An effective and accessible way to calm anxiety or stress is known as the 5-4-3-2-1 Coping Technique, which is all about using your five senses. The University of Rochester Medical Center advises that before you try this method, it's important to take a moment to ground yourself through some deep, intentional breathing.
Once you feel like you can focus on your senses, it’s time to get started. Look around you and identify five things you can see. Then, identify and touch four things around you. It might be useful to come up with a couple of words that describe how the thing that you’re touching feels. Next, identify three things you can hear. Keep this up until you’ve used all five senses.
This method of getting into your senses puts you into the present moment. Much of the time, anxiety and stress are rooted in planning and projecting (the future) or ruminating and reminiscing (the past).
Self-Expression and Creativity
Living without alcohol gives us the opportunity to get back in touch with who we were before drinking took over. We learn new ways—or reacquaint ourselves with cherished old ways—to express ourselves and get in touch with our creative sides.
Several studies, says Cathy Malchiodi, Ph.D., is a psychologist, expressive arts therapist, trauma specialist, now point to the incredible benefits of creativity on our mental health.
“Most of these studies concur that participation and/or engagement in the arts have a variety of outcomes including a decrease in depressive symptoms, an increase in positive emotions, reduction in stress responses, and, in some cases, even improvements in immune system functioning,” Malchiodi wrote for Psychology Today.
As a writer, poet, artist, and ceramicist, I can attest to the power of art when it comes to helping alleviate the symptoms of stress and anxiety. I’m most definitely out of practice with some of these mediums, but when I’m able to put my perfectionism and ego aside and just do art for the sake of it, the effect is pretty special.
Even if you’ve never embarked on a creative endeavor in your life, it might be worth a try. Look online for a local pottery, painting, writing, or music class. You can also check for an online class or visit a local gallery or museum, live music sesh, or orchestra for inspiration.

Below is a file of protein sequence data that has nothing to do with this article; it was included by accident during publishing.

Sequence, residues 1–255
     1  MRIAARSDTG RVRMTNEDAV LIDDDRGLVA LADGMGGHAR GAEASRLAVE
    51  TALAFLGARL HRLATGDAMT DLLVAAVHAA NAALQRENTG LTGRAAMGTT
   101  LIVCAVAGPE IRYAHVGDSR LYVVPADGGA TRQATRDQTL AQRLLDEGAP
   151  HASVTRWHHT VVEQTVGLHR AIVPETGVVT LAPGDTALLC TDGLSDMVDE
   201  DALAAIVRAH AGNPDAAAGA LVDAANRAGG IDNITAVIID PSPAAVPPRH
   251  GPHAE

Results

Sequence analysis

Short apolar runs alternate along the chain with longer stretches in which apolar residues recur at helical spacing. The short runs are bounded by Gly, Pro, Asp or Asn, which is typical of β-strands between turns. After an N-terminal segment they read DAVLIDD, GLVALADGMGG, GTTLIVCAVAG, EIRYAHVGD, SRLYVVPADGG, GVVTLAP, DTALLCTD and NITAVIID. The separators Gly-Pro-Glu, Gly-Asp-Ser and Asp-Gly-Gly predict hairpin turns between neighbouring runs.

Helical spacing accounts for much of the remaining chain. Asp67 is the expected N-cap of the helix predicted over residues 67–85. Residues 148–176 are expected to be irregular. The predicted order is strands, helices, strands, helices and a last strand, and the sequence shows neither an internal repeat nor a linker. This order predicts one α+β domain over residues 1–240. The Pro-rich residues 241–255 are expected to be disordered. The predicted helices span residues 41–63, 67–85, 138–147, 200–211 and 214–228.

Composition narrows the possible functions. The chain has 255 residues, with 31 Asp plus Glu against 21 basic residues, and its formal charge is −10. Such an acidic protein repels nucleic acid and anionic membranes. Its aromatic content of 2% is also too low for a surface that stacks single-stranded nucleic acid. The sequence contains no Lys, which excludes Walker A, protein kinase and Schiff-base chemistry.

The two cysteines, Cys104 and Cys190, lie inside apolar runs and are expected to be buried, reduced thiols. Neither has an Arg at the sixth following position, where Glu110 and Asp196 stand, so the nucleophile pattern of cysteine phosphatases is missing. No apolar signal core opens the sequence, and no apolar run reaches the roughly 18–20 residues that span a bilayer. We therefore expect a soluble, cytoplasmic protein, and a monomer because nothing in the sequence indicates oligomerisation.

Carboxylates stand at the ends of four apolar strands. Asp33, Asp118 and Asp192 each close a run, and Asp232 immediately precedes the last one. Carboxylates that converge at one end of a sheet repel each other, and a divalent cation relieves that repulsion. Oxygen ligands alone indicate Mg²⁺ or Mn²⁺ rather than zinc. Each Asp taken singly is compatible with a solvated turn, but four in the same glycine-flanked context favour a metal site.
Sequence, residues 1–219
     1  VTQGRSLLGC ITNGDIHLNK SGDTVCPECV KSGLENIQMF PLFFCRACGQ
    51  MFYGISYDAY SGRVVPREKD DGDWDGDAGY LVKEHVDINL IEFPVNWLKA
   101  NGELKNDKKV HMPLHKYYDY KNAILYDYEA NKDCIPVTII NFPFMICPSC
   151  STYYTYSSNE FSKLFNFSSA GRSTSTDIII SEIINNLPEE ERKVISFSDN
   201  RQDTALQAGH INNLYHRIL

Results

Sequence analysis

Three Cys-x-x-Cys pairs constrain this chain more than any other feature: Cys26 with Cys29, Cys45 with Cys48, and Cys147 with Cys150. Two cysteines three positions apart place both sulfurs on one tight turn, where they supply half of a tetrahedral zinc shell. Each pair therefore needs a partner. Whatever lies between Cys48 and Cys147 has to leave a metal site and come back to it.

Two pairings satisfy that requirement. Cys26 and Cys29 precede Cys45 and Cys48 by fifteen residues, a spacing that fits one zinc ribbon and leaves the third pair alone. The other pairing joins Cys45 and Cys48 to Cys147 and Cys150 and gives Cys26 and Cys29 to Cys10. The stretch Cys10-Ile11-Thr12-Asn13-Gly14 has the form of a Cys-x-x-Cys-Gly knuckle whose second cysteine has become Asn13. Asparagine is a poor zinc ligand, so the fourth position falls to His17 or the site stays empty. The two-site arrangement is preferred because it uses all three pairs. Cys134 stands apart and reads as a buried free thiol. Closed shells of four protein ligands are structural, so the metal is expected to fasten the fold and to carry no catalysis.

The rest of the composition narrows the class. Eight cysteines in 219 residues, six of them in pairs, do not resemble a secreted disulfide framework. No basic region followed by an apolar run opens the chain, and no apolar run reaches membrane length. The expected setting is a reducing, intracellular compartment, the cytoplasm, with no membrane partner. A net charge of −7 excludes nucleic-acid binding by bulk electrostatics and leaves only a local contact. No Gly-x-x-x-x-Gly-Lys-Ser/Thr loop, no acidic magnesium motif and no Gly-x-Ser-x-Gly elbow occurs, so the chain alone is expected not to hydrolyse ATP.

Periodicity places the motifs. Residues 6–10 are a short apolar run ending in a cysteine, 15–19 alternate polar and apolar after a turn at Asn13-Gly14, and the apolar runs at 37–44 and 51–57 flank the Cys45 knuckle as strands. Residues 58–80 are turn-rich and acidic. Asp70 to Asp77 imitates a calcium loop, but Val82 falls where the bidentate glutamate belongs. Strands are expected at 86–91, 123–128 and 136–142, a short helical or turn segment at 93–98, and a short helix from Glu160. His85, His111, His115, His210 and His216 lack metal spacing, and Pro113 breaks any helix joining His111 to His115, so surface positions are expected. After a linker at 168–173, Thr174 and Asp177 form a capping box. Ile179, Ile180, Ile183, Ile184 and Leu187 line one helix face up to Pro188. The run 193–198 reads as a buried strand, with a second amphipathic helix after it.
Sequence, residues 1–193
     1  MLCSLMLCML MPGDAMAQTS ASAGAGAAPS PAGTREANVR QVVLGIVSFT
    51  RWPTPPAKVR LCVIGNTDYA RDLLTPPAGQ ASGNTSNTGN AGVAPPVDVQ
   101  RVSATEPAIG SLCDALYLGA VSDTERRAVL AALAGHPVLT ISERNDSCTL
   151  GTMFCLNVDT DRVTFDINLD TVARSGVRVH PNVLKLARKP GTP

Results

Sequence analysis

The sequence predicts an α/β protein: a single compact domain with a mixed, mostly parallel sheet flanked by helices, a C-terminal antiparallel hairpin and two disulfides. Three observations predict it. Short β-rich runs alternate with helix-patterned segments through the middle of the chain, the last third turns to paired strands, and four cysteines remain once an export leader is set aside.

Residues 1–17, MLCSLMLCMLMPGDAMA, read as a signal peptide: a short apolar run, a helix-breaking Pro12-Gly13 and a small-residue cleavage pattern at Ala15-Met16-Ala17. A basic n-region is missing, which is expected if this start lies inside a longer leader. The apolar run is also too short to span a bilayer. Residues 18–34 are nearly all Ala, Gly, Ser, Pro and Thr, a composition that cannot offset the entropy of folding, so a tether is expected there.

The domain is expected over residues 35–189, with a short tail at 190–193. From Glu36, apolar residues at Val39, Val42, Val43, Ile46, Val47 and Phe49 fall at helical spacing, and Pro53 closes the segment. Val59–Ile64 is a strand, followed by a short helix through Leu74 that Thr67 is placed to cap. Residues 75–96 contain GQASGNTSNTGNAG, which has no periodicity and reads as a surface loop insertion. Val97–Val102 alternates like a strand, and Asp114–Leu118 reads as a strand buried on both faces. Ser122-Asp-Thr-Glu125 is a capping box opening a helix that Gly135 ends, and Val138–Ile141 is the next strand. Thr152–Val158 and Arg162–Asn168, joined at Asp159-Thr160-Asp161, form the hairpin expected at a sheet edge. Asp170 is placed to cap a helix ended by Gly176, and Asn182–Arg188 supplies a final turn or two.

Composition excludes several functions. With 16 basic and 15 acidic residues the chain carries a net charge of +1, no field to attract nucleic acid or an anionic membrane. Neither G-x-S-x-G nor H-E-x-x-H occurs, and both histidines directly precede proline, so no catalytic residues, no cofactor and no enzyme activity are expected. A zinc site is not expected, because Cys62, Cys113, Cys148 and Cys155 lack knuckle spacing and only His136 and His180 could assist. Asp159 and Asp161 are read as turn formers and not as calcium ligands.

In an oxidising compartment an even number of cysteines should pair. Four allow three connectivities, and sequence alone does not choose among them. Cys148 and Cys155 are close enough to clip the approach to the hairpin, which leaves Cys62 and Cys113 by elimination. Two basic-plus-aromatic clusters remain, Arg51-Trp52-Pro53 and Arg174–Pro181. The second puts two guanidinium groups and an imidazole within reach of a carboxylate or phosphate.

Lavender, rose oil, and clary sage are just a few of the many essential oils used in aromatherapy, ingested, and applied to the skin to help lessen the symptoms of stress and anxiety.
Though aromatherapy was once a remedy used only by those who leaned left of woo-woo, essential oils have found some mainstream traction and science is backing it up.
“As you breathe in, the oil’s aroma immediately stimulates your central nervous system, triggering an emotional response,” explains Dr. Lin. “It can reduce anxiety and stress response quickly,” she told the nonprofit medical center.
Essential oils can be used through aromatherapy, ingestion, or as a topical aid. But, Lin says, it’s important to use them properly to maximize effectiveness. She suggests not using them everyday, making sure to dilute them, and making sure you understand the risks of each oil, especially if ingesting or using them on the skin.
Roll the Windows Down
If you’re in the car and have the opportunity, roll the windows down to feel the wind on your face. The sensation of the wind whipping against your body puts you back into the moment, much like the 5-4-3-2-1 Coping Technique, which can help you detach from whatever it is causing the stress and anxiety.